Creating the Cloud Arch Panorama

This cloud arch is one of the coolest cloud formations I've seen. The morning I photographed it in Chincoteague, Virginia it started out overcast. What you're seeing here is the cloud cover starting to lift. Often when an overcast sky starts to break up the cloud layer becomes thinner and patches of sky start to show thorough, especially closer to the sun. In this case the cloud cover was staying intact while moving like a blanket being lifted. The arch of the clouds held shape and rose higher and higher into the sky. In the opposite direction the sky was still solid clouds.

Seeing the scene as a panorama actually diminishes the scope of the scene. This pano covers about 180 degrees so while it's neatly laid out in the photo, in person the arch is not as easily seen. The photo allows you to appreciate the totality of the formation. A clue to scope of the photo is in the bottom right corner. This is a continuation of the road that you see in the center of the image. At the far right is the beach, and on the left you see the woods of the National Wildlife Refuge.


It wasn't until I photographed the scene as a panorama that I appreciated what was happening above me. I had been photographing the triangles created by the two ends of the arch.


When I noticed the arch I first photographed it using my iPhone's panorama mode.


Not bad at all! The iPhone did a great job and since the panorama process creates the image from a series of photos, the image quality and size is very good (tech details: the file produced is 7"x33" at 300dpi). Given the file quality I could have stuck with the iPhone pano, but I also shot it with my DSLR.

Using my DSLR I took eight vertical images and combined them using Photoshop's Photomerge feature (same in Elements). Photoshop did a good job, but there was a little weirdness in the arch with one area on the left jutting out unnaturally. I worried that the extreme expanse of the pano was causing Photoshop some difficulty. To see if I could achieve better results I downloaded trial versions of the standalone panorama apps Autopano Pro and PTGui (ever since Photoshop added the Photomerge feature I've always used it for my panos). The result? Worse! Both apps produced panos with weird wavy horizons. Now I'm not putting down these apps because I'm sure they are very powerful and full featured, especially for someone that knows how to use them. I was being lazy and wanted a quick solution with minimal work; I thought they might be "smarter" than Photoshop for a generic initial merge. Photoshop's results weren't horrible so back to Photoshop I went.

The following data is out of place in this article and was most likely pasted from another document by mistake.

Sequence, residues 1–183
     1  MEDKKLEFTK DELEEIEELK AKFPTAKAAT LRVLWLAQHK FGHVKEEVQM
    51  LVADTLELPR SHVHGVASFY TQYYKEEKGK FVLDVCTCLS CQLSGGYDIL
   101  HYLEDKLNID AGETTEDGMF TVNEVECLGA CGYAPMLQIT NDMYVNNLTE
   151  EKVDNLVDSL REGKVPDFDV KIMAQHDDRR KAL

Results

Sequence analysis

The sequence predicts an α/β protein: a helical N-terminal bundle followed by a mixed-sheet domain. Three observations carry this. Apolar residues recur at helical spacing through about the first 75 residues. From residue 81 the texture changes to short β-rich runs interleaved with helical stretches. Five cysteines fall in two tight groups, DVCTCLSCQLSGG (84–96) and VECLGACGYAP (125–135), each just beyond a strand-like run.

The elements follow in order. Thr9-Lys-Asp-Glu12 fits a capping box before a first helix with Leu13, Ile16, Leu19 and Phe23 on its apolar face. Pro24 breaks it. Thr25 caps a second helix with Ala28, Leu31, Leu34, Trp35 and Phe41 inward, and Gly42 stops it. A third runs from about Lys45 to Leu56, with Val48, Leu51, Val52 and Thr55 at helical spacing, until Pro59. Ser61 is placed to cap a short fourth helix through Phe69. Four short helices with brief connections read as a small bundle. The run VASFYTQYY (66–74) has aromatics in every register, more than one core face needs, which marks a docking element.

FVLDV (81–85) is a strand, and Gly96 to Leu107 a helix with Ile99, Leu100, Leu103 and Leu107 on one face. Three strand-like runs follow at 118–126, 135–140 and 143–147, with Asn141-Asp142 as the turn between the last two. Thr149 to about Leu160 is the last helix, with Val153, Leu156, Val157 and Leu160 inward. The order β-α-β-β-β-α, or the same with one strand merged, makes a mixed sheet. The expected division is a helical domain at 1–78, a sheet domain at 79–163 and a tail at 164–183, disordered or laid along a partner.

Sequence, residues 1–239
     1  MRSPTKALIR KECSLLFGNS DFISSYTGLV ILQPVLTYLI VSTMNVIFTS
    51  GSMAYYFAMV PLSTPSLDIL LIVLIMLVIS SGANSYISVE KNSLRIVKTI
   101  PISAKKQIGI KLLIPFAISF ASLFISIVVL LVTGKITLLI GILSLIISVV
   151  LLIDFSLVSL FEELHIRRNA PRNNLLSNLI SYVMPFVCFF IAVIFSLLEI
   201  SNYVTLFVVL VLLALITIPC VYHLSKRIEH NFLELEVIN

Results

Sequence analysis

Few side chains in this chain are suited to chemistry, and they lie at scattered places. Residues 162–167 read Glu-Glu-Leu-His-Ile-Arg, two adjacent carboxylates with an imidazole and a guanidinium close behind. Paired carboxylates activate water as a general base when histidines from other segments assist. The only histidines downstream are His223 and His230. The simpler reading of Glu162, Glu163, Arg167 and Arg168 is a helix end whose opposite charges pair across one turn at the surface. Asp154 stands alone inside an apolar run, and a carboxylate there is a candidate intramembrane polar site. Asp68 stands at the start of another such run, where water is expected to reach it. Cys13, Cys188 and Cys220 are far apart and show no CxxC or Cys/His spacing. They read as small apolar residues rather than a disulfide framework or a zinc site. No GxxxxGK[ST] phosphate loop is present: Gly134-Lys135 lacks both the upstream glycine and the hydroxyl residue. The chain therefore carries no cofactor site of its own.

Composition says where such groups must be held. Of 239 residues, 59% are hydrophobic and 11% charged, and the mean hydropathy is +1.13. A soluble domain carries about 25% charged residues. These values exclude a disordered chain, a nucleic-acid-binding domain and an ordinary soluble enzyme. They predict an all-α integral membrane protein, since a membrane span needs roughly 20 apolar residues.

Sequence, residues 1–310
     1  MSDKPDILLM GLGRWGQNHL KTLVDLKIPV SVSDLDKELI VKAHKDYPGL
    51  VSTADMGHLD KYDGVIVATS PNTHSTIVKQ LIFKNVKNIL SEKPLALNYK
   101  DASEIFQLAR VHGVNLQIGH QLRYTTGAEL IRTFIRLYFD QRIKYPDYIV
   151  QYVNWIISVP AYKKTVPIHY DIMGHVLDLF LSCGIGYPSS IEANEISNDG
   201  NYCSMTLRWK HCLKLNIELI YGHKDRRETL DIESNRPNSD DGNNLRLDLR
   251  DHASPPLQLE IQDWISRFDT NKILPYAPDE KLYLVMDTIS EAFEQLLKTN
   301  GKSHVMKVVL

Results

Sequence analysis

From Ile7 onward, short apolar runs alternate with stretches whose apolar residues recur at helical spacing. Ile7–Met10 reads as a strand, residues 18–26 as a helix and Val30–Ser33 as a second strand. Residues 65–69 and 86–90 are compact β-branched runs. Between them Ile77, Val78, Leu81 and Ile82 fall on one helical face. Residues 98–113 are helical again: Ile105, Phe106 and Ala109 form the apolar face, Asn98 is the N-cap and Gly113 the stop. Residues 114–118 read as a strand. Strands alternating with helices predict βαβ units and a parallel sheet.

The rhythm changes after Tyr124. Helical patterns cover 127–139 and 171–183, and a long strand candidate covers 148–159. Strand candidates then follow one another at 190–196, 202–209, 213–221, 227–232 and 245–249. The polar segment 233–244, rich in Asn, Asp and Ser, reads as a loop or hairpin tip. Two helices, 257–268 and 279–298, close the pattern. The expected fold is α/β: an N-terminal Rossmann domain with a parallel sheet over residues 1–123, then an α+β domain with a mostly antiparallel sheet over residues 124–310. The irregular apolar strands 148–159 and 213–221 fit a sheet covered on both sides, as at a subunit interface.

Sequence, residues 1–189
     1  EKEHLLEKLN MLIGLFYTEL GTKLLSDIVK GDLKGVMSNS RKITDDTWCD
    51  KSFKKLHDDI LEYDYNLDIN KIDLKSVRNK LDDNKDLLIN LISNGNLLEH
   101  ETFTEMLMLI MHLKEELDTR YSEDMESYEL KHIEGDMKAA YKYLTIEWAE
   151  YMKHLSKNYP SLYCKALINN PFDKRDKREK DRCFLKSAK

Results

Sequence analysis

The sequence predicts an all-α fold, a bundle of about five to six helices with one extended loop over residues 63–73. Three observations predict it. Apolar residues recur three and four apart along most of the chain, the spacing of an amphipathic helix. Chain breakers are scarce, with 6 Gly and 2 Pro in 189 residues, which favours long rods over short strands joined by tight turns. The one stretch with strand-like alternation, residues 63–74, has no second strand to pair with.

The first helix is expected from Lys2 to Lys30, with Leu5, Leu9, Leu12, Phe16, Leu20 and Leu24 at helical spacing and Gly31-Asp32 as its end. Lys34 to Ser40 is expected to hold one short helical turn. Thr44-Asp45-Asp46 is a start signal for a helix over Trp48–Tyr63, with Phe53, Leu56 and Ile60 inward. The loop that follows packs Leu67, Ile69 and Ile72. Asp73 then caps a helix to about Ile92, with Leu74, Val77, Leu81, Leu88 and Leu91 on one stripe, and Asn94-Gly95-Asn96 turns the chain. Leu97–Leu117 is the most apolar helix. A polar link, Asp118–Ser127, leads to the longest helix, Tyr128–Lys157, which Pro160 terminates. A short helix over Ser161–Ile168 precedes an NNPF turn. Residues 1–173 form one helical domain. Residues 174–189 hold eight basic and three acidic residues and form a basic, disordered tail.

I did a bunch of clean up to remove signs, posts, telephone lines, cars, people and even a line of roadside barriers. Content Aware is a wonderful thing. I also had to push up the center as part of the horizon was sagging slightly (used the Warp option of the Transform mode). The most challenging part was shaving off part of the arch edge to clean up the area that didn't line up with the rest. No Content Aware for that, just manual cloning and healing.


You'll notice the arch is a little different shape in the iPhone and DSLR panoramas. The cloud cover was lifting quickly and the arch wasn't holding its shape. I shot three panorama series with my DSLR, but it was the first series that I used. Here's the second one:

This was shot just a couple of minutes after the first series and the arch is starting to break up. Photoshop didn't do as well with this one, more issues along the horizon. In the third series the arch had stretched even higher and Photoshop couldn't even put together.


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